"Sam Phillips and his Sun Records played an integral role during the formative years of rock 'n' roll and artists like Elvis Presley, Carl Perkins, Jerry Lewis, and Roy Orbison belong in any serious music collector's library. What makes this CD of interest to more than merely the casual fan is the inclusion of some of Sun's lesser known artists.Billy Lee Riley was a session player for Sun, but also recorded with his band The Little Green Men. "Red Hot" is a rambunctious number and with Jerry Lee Lewis on piano, "Flying Saucers Rock 'n' Roll" is an equally raucus number. The version of "Mystery Train" included here is not Presley's souped-up classic, but a slowed down number by Herman "Junior" Parker with a soulful vocal delivery.Carl Mann gives the rockabilly treatment to Nat King Cole's 1950 No. 1 hit "Mona Lisa." Mann's version stalled at No. 25Warren Smith's "Ubangi Stomp" is rockabilly in the Carl Perkins mold. In fact, when I first head this, I thought it WAS Perkins.So if you're looking for a single disc to illustrate the importance of Sam Phillips and Sun Records, this will do the job more than adequately. HIGHLY RECOMMENDED"
Good but not Great
John Y. Ritz | Texas | 05/19/2004
(4 out of 5 stars)
"Fours Stars because it is the Sun Story but... I have the vinyl and there are 8 songs that were left off the CD. They left off My Bucket's Got A Hole In It and High School Confidential, which are the two most egregious errors. A guy at Rhino Records told me they didn't get the clearances for the CD. Didn't make sense. Why didn't they get them for all formats? However this is a good start. If you can find the vinyl get it."
This CD's RED HOT!
Andre M. | Mt. Pleasant, SC United States | 04/21/2003
(5 out of 5 stars)
"This is the good stuff that put the rock in rockabilly! Hard driving, hard pumping gritty poor-White Rhythm and Blues that is still a lot of fun to listen to nearly 50 years later. All the classics are here. Elvis, Bill, and Scotty doing "That's All Right Mama" (with apologies to Arthur Crudup), Warren Smith's "Ubangi Stomp," Charlie Rich's lovely "Lonely Weekends." Carl Perkins' "Honey Don't," and (to me), best of all, Billy Riley's underground classic "My gal is Red Hot/Your gal ain't doodely squat!" So is this CD! FUN FUN FUN! I DEFY anyone to sit still while listening to this!"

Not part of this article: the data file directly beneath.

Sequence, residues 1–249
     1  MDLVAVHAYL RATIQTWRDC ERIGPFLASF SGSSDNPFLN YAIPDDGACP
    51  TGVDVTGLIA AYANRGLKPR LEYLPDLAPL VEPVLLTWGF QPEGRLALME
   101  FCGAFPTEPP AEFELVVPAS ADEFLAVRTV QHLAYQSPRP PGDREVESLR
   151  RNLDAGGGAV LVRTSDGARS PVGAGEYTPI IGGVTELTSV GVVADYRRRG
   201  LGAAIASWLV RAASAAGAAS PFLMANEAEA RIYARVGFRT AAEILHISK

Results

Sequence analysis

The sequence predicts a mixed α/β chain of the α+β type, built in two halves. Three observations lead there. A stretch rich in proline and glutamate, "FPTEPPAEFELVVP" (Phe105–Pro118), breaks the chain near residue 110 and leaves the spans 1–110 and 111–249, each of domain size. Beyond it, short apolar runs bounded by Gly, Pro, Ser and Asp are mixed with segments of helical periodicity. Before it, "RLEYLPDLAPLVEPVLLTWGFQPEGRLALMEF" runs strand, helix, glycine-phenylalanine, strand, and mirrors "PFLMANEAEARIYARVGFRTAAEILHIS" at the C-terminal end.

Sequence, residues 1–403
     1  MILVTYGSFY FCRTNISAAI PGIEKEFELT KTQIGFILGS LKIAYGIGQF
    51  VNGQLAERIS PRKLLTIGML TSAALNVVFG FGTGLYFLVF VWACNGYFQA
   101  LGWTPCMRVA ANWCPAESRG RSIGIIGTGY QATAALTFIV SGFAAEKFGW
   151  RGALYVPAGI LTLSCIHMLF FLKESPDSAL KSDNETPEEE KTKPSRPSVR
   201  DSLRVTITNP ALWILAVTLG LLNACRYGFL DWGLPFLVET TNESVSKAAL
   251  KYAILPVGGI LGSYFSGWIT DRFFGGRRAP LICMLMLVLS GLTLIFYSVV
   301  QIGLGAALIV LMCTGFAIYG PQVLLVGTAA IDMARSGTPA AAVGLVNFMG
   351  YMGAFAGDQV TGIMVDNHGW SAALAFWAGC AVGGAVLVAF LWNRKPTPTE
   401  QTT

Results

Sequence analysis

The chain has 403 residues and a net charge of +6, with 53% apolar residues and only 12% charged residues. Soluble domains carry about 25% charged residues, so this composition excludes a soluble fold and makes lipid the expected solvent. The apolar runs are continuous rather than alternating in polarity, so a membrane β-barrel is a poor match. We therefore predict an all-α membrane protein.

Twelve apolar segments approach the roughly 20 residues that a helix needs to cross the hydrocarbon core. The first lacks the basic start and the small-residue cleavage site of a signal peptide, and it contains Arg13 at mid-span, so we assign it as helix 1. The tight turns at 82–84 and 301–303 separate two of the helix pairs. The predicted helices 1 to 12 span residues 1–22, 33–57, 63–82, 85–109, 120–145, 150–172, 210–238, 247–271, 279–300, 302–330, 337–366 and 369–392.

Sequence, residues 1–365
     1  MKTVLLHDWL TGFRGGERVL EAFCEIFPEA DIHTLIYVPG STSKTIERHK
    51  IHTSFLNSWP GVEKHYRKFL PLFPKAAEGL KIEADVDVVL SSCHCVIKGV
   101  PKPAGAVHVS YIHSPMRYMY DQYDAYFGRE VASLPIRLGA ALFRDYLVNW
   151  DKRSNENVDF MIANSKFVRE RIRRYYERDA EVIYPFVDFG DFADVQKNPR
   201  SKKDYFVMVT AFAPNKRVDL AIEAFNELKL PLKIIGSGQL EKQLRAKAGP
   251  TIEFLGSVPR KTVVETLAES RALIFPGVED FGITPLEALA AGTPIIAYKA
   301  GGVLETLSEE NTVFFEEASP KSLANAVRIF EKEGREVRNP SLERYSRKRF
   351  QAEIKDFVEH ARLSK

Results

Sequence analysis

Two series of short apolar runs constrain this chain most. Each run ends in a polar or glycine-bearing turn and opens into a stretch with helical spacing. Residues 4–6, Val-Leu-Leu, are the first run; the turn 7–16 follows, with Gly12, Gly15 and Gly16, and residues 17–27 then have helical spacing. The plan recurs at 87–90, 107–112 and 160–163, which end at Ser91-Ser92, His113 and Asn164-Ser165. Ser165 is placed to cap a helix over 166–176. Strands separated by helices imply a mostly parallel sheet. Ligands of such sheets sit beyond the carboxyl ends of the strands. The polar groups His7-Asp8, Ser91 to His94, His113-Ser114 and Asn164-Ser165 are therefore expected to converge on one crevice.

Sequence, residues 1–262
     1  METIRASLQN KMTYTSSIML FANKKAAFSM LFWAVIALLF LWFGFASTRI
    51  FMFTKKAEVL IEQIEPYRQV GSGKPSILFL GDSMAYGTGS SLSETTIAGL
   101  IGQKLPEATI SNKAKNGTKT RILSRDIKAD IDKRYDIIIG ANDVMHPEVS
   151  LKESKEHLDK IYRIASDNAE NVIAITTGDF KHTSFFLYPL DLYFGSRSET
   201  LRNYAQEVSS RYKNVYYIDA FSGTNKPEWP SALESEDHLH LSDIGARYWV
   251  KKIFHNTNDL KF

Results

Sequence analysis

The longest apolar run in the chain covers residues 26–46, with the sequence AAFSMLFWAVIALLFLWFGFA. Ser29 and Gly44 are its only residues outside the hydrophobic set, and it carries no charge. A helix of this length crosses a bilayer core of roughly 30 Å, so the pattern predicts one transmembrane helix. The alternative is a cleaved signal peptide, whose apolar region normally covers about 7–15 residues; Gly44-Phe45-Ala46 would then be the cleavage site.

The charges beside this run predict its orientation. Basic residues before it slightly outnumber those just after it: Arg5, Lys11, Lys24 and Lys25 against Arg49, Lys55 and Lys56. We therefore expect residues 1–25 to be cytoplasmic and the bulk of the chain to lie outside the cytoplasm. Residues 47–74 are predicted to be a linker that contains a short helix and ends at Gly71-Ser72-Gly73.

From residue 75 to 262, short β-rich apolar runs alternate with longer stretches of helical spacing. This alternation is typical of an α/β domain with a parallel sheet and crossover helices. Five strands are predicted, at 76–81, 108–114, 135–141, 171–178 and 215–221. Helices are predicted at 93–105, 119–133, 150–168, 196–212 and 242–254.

Country Music + R N B = ROCK AND ROLL!!!
chris meesey Food Czar | The Colony, TX United States | 05/02/2005
(4 out of 5 stars)
"Rock and roll, which has been with us now for (at least) fifty years, was born when white country music was combined with black rhythm and blues. A few zealous visionaries, such as Memphis own Sam Phillips, played midwife to this birth. Sun Story is a compilation of the finest, rockingest, rollingest cool cats who recorded for Phillips label, Sun Records, in the mid-1950's. Here, we have rockabilly bopcat Carl Perkins with the original versions of "Blue Suede Shoes" and "Honey Don't", soul brother Little Junior Parker's smooth version of "Mystery Train," and The Killer, Jerry Lee Lewis (and his Pumping Piano)with no less than three scorchers: "Great Balls of Fire," "Whole Lotta Shakin'" and "Breathless". Twenty fabulous cuts in all and a great introduction to the Sun sound. There are even some "lesser lights" of the movement thrown in for good measure: Billy Riley and his (yes!) red-hot version of "Red Hot" (covered in the seventies by Robert Gordon and Link Wray) and the hilarious "Flying Saucer Rock 'N Roll", plus Warren Smith with the politically incorrect "Ubangi Stomp", later covered by the aforementioned Mr. Lewis. A great collection, to be sure. However, a few complaints. For my money, Roy Orbison was one of the greatest of the early rockers, yet "Devil Doll" is, to put it kindly, not one of his best efforts. ("Rockhouse" or "I'm Hurtin'" should have been chosen instead.) And, while Carl Mann made a noble attempt of the standard "Mona Lisa," he couldn't even begin to touch Nat King Cole's original. Johnny Cash's attempt at rockabilly, "Straight A's in Love," is good for a few laughs, but grows old quickly. Much better are the two country hits also included here, "Folsom Prison Blues" and "I Walk the Line". (Oh, for the days when country music truly had soul!) Charlie Rich, pre-Silver Fox, weighs in with two fine numbers, "Who Will the Next Fool Be?" and "Lonely Weekends," the latter sounding very much like Elvis himself. Finally, speaking of the King, Presley is well represented with two of his best (and least played on the radio) early efforts: "Good Rockin' Tonight" and his fine cover of Arthur Big Boy Crudup's "That's All Right, Mama". Altogether, a collection that will have you shakin' what God (and your mama) gave you. Get Sun Story right away, and pass out a few cigars to celebrate the "new" baby, Rock and Roll!!!"